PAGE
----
The Golden State has always had its attractions: an extensive and historic production infrastructure, a highly skilled workforce, year-round shoot-friendly weather and, of course, the biggest and starriest talent pool in the world.
Added to that are unique locations including the cities of Los Angeles, San Francisco and San Diego, an 800-mile Pacific coastline, and natural wonders such as Yosemite and Death Valley.
But it was only with the introduction of the state’s upgraded incentive programme in 2015 that California began to win back some of the runaway production.
California’s ‘2.0’ film and TV tax credit programme tripled the size of the state’s annual incentive pool, eliminated budget caps, designated funding pots for four different types of productions and introduced a ‘jobs ratio’ selection formula.
Of the programme’s $330m annual funding, 40% is allocated for new and recurring TV series, mini-series, pilots and movies-of-the-week, 35% for non-independent features, 20% for relocating TV series and 5% for independent features.
Big-budget features lured by the state’s incentive for shoots in 2019 included Warner Animation’s Space Jam 2 and Warner Bros’ Sherlock Holmes 3. While TV series have included NBC smash This Is Us and the new Star Trek series with Patrick Stewart from CBS All Access.
The ‘3.0’ programme, which will run from July 2020 to June 2025, will have $330m a year to allocate, but it will increase the portion of that total available to independent films from 5% to 8% and split the pot into one category for projects under $10m and another for projects over $10m.
The western half of the US offers film and TV makers some spectacular natural locations and generous production incentives.
New Mexico’s 25% refundable tax credit is one of the most reliable in the region. This was one of the reasons why Netflix chose to buy the Albuquerque studios, which offer eight sound studios and has already hosted the streaming giants’ productions Army of the Dead and El Camino: A Breaking Bad Movie.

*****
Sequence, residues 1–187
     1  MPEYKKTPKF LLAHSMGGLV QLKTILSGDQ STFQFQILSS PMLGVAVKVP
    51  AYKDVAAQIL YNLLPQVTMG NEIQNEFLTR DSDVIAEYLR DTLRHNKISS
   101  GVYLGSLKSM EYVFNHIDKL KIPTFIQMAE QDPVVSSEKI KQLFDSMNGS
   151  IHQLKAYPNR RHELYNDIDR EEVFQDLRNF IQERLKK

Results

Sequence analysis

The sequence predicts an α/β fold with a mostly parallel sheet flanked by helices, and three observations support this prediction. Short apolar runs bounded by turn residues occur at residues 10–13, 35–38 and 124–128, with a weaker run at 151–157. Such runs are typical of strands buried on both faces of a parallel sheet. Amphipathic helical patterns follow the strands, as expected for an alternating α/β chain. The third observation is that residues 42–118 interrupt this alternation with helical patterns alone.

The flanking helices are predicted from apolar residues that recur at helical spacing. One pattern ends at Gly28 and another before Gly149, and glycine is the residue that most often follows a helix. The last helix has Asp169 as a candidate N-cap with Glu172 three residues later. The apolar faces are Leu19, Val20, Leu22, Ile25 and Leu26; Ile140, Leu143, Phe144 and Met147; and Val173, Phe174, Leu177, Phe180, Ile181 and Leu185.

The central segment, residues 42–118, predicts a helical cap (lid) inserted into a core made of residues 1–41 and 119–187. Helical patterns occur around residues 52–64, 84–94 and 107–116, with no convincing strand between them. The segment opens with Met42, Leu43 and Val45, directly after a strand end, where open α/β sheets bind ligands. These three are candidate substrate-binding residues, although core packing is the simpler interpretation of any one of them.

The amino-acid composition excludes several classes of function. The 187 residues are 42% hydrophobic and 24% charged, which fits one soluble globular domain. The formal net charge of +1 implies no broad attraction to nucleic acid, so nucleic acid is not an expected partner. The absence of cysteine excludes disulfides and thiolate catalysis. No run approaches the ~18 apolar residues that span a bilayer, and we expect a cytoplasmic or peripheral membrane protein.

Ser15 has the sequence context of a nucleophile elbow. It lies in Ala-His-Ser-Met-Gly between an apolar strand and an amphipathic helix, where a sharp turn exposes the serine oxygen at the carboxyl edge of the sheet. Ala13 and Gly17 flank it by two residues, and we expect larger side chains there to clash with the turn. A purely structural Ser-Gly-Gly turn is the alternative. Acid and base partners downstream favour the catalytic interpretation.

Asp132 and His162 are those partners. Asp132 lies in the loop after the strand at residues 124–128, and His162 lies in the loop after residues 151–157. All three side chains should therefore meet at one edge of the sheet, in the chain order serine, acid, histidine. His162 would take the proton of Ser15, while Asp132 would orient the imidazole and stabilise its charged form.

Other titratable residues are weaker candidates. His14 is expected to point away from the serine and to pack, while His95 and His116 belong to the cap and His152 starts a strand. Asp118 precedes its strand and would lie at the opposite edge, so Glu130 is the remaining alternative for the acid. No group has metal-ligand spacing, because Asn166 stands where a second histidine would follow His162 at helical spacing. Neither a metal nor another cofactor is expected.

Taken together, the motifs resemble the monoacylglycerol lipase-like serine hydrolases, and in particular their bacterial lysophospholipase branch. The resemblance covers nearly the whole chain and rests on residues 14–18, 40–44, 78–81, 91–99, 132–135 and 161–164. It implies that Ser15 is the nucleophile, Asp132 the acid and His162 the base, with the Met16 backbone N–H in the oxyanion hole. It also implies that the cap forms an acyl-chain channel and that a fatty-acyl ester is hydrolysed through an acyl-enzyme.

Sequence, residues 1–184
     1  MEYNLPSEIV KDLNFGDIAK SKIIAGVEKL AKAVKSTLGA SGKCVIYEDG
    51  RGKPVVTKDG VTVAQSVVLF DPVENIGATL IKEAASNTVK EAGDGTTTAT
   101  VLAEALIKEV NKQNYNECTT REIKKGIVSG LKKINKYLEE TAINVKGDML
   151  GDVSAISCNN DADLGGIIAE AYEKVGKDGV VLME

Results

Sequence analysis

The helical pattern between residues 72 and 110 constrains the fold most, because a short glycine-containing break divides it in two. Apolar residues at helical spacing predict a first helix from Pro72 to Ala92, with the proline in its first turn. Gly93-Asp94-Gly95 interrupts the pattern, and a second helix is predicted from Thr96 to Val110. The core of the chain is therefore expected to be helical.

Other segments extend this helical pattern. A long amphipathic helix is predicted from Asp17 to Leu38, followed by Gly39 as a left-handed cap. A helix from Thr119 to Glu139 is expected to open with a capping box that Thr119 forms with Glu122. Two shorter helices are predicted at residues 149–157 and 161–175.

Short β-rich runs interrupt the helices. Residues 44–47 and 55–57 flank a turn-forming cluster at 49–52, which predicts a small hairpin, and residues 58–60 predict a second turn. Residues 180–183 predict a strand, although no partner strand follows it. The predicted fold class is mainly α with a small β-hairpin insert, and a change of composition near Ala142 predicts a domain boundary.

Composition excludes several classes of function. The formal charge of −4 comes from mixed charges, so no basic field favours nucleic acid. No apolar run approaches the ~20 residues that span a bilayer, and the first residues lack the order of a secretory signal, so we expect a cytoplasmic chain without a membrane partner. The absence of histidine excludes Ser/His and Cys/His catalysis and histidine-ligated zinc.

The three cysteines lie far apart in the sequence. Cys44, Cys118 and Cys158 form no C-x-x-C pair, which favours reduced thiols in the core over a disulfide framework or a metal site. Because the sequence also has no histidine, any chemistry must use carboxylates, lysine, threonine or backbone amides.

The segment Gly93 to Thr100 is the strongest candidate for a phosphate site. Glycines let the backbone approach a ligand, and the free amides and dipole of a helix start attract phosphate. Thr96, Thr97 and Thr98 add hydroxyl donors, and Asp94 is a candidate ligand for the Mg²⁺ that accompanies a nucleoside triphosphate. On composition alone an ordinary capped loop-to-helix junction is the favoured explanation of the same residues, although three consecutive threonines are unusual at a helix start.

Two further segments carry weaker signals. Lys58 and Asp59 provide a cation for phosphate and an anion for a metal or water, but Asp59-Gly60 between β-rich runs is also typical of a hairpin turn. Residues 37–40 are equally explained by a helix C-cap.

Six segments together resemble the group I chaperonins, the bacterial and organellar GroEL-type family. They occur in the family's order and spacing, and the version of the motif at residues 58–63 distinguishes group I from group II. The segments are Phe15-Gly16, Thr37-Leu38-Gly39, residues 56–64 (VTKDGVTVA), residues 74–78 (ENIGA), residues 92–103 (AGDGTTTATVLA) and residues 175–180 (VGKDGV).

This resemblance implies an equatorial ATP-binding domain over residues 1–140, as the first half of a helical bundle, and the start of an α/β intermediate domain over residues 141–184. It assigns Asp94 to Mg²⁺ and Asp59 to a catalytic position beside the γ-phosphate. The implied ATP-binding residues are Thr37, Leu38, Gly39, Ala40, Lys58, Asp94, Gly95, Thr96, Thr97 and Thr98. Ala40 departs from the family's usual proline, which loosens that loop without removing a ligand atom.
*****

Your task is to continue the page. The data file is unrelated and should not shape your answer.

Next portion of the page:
As part of the deal, the streaming giant is to spend $1bn over the course of a decade and add 1,000 jobs per year. “The Netflix deal has changed the paradigm in many ways,” insists Todd Christensen, director of the New Mexico Film Office, to KFTV. “They’re fully committed to the state and will likely grow their presence here, creating more stages and backlots.”
But Netflix is not the only big player in town. NBCUniversal has also committed to invest $500m in the state over the next 10 years by building a studio in Albuquerque with two sound stages, creating 330 jobs and generating an estimated $1bn in economic development.
Meanwhile, Oregon has one of the region’s faster growing production sectors. The state’s cash rebate incentive programme — which offers 20% on local goods and services and up to 16.2% on wages, with a $14m annual cap — has recently attracted Disney family feature Timmy Failure and David Oyelowo’s directing debut The Water Man.
Utah is another western state gaining industry ground, thanks to its strong incentives, proximity to Hollywood and right-to-work status.